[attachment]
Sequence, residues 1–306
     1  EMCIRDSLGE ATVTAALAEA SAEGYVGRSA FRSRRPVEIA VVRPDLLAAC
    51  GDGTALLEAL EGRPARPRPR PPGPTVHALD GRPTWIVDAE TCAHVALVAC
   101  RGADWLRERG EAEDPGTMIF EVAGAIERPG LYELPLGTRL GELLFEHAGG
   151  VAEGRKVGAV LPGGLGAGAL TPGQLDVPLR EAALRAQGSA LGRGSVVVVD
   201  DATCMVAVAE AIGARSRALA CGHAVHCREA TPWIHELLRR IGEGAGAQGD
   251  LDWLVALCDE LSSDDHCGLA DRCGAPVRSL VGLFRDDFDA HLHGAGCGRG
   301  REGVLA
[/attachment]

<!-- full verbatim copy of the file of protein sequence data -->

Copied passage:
Sequence, residues 1–306
     1  EMCIRDSLGE ATVTAALAEA SAEGYVGRSA FRSRRPVEIA VVRPDLLAAC
    51  GDGTALLEAL EGRPARPRPR PPGPTVHALD GRPTWIVDAE TCAHVALVAC
   101  RGADWLRERG EAEDPGTMIF EVAGAIERPG LYELPLGTRL GELLFEHAGG
   151  VAEGRKVGAV LPGGLGAGAL TPGQLDVPLR EAALRAQGSA LGRGSVVVVD
   201  DATCMVAVAE AIGARSRALA CGHAVHCREA TPWIHELLRR IGEGAGAQGD
   251  LDWLVALCDE LSSDDHCGLA DRCGAPVRSL VGLFRDDFDA HLHGAGCGRG
   301  REGVLA